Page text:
Columnists strike out with Baltimore fans

So, Laura Vecsey had a "fun" weekend watching the New York Yankees' most recent humiliation of the Orioles at Camden Yards ["Even in defeat, it was electric weekend for O's vs. N.Y.," Aug. 18]. How wonderful for her!

No one around here cares if the home team gets bludgeoned as long as non-native sportswriters are entertained.

It's unfortunate that Vecsey arrived here after the downtown train tunnel fire two summers ago. That was another Baltimore disaster she no doubt would have relished.

This columnist continues to prove that she is completely out of touch with her readership.

Still, her New York-centric ramblings are preferable to the prejudice of Mike Preston. For evidence of the above, refer to his insulting, race-baiting screed in the Eddie Murray special section a few weeks ago ["Star deserved far better than treatment he got," July 27].

Here's a novel idea for The Sun. Try hiring a columnist who doesn't have utter contempt for Baltimore sports fans.

Don Brizendine Baltimore

Playing games on road unfair to Poly players

In regard to the article "Poor field forces move of Poly home games" on Wednesday, I find the comment from the city schools public relations director that Poly's field must wait in line behind other city school projects to be retaliatory.

The athletic director said that he took sole responsibility for using the donated soil. Therefore, you have your culprit, not the students.

It is unfair for all the football team's home games to be on the road. Hey, we're talking about dirt here. Whatever the specifications, get some dirt to meet them, and let's play ball.

Don't inconvenience the students because of the transgressions of administrators.

Olivia Robinson Baltimore

Puerto Rican players are not foreigners

I was chagrined by Joe Christensen's article regarding foreign players on the Orioles ["O's foreign legion 'coming on strong,'" Aug. 17].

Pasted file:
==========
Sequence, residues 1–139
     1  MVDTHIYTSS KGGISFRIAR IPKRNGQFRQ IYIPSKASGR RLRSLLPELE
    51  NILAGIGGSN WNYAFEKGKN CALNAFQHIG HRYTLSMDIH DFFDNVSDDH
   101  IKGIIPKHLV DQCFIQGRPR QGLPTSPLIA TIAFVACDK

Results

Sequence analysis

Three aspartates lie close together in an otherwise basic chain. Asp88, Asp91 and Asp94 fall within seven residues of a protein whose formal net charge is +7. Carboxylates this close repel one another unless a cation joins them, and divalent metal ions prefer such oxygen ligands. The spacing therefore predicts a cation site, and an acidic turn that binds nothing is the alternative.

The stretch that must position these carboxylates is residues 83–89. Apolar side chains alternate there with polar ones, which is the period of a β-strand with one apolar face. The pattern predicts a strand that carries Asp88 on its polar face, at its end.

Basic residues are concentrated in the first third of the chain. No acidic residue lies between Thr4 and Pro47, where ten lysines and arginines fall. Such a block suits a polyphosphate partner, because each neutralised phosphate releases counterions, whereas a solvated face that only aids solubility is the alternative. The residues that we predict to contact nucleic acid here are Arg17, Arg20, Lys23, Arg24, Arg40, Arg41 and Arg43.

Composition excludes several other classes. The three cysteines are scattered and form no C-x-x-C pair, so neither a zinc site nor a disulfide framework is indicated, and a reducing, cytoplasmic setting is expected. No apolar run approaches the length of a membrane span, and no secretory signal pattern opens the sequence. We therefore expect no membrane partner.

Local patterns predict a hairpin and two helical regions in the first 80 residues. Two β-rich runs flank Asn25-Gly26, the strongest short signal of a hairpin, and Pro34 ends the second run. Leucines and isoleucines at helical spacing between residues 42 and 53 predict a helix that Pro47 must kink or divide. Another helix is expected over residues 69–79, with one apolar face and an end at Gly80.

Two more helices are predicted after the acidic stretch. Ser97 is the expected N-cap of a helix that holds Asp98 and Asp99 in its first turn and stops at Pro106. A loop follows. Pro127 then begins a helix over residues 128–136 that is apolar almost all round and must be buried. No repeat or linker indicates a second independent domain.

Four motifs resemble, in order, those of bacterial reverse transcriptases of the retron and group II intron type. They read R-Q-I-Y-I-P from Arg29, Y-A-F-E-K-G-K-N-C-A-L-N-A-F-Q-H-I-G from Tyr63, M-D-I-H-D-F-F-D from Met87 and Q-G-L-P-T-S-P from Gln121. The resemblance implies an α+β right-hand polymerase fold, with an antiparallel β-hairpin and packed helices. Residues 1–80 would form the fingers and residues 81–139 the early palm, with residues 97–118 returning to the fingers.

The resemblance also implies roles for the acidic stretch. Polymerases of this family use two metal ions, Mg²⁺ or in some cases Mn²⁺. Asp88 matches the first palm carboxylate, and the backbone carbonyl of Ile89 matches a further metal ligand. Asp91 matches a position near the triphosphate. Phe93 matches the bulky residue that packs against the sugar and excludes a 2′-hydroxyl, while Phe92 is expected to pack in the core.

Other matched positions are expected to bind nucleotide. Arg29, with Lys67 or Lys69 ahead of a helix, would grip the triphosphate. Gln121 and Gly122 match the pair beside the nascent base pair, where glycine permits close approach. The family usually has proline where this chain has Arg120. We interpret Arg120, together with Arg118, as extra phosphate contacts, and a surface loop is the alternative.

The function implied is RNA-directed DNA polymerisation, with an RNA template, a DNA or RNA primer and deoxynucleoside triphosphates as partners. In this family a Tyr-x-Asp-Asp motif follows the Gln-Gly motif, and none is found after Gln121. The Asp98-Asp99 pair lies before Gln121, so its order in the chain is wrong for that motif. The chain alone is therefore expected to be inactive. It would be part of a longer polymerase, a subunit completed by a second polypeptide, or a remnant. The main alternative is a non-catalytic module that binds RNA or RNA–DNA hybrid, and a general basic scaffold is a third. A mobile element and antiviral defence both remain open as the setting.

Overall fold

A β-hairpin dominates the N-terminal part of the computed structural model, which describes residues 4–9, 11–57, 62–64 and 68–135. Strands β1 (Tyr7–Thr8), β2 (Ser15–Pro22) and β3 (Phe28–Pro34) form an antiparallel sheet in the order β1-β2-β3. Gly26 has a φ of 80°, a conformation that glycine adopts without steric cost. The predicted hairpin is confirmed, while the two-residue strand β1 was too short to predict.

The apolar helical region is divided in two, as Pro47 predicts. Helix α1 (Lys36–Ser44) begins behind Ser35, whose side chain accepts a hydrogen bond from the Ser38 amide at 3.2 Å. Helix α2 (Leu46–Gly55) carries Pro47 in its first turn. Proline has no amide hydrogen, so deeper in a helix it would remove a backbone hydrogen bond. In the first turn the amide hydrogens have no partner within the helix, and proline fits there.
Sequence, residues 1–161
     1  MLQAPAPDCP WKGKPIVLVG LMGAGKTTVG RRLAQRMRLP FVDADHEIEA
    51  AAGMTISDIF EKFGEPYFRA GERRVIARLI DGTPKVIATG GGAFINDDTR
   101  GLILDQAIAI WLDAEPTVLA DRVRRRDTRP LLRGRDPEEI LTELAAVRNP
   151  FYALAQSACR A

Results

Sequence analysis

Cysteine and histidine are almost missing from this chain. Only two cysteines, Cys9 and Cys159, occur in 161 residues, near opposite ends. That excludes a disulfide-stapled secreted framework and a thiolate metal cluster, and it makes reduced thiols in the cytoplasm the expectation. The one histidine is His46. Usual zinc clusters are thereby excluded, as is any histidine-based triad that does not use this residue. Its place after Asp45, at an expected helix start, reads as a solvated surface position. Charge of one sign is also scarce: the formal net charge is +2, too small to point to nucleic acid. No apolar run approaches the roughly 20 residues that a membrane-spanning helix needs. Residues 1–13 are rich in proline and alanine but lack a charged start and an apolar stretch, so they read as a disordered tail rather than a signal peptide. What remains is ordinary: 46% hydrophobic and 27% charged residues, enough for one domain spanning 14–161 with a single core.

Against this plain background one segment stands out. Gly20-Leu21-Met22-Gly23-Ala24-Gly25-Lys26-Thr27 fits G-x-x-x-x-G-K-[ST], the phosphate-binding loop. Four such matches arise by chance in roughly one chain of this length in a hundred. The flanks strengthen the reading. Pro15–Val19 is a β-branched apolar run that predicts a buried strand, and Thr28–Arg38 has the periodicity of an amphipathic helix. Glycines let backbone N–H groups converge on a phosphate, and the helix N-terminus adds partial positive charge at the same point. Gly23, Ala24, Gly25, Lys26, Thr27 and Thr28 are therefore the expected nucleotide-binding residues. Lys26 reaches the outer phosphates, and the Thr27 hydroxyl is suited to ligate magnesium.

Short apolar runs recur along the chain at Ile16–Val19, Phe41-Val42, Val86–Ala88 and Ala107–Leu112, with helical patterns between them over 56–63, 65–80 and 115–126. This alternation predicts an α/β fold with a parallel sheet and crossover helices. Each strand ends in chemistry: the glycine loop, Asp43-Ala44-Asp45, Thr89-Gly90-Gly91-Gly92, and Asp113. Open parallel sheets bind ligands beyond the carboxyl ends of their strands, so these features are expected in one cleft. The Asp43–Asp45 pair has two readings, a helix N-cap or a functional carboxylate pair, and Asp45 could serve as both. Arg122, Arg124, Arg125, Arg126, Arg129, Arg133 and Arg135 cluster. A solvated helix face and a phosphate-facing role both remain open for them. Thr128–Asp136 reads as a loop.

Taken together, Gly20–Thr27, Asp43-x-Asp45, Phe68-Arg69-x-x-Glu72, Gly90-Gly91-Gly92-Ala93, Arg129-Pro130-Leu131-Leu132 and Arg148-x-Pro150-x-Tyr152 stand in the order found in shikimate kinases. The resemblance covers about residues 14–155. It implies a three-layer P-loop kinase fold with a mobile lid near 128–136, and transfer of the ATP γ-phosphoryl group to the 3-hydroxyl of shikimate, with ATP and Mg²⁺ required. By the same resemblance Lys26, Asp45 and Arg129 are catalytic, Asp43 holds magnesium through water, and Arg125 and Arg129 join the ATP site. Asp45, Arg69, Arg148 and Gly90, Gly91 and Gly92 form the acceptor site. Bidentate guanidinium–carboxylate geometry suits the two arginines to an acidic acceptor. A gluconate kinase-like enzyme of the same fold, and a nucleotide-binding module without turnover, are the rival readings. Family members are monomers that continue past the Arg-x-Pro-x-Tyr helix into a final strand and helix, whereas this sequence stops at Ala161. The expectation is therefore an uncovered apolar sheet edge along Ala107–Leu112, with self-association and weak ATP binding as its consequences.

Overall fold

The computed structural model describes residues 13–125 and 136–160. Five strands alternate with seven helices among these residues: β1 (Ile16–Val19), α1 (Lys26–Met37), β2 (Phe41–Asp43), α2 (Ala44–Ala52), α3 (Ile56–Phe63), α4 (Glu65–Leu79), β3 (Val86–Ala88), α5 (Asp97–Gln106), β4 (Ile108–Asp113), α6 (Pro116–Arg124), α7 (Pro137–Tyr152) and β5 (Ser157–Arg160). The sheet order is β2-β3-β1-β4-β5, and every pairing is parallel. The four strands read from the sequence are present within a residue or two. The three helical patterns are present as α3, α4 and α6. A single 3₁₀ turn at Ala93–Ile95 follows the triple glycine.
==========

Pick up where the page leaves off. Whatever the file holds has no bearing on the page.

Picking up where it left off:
Please tell Mr. Christensen that Puerto Rico is a self-governing part of the United States, is represented in the House of Representatives and is subject to the provisions of the U.S. Constitution.

Luis Matos and Jose Leon are not foreign.

Emma S. Vaughan Columbia

It is becoming more and more obvious that this year's Orioles are doing their usual end-of-the- year collapse.

So, one of two things is true. Either the players are just bad, a real possibility, or the manager isn't keeping the players focused, which is also a real possibility.

You can't fire all the players, a real shame, but you can fire the manager.

I don't have the answer, but Orioles management had better or, next year, the team won't even finish ahead of Tampa Bay.

John C. Clarke Sr. Bradenton, Fla.

You can blame Angelos for decline of Orioles

The Orioles are heading toward another season below .500. In listening to talk radio, I always hear about how the team needs a new manager, more talent, better pitching, more consistency, but I never hear any of these "experts" call for Peter Angelos to sell the team.

In the better part of a decade, his organization has turned what was once considered to be perhaps the best organization in baseball into a consistently subpar, mediocre laughingstock that has become nothing more than a farm club for major league contenders.

Jack Letzer Ellicott City

Rose shows nothing but contempt for game

In Peter Schmuck's Aug. 17 baseball column ["Consider Rose's debt paid"], he touted installing Pete Rose into the game's Hall of Fame.

And why? Because "Charlie Hustle," through his well-earned banishment from the game and the Hall for 14 years, has paid his debt to baseball.

After all, Schmuck retorts, Rose has more hits than anyone else in history, the Hall "is full of people who didn't always meet the smell test," and he was nice to a young Dusty Baker, who now allows, as a wise manager, that Rose "loved baseball."

Rose may have loved playing baseball, but he has shown nothing but contempt for the game. He was contemptuous of the spirit of the All-Star Game back when it was an exhibition; he was contemptuous of all the sport stood for when he gambled on the game as an active manager; and he is contemptuous toward the terms of his own settlement with baseball.

If Rose loved the game, he would own up to what he did to tarnish it and show remorse for dragging it though the muck.

Ron Zuskin Towson

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